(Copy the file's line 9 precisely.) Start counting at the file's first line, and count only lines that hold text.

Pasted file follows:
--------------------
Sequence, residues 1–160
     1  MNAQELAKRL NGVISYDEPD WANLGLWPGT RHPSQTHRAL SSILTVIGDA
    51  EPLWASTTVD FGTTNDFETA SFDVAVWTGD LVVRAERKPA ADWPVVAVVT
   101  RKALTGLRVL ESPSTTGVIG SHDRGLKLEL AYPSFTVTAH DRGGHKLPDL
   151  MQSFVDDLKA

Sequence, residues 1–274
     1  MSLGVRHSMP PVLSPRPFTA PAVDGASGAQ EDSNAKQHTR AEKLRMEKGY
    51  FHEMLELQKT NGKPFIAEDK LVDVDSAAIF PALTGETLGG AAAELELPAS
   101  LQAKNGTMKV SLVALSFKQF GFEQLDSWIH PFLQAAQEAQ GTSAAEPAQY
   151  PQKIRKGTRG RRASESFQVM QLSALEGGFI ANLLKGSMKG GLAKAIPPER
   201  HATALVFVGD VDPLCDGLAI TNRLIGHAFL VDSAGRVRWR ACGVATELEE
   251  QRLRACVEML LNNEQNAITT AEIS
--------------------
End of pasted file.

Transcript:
   101  LQAKNGTMKV SLVALSFKQF GFEQLDSWIH PFLQAAQEAQ GTSAAEPAQY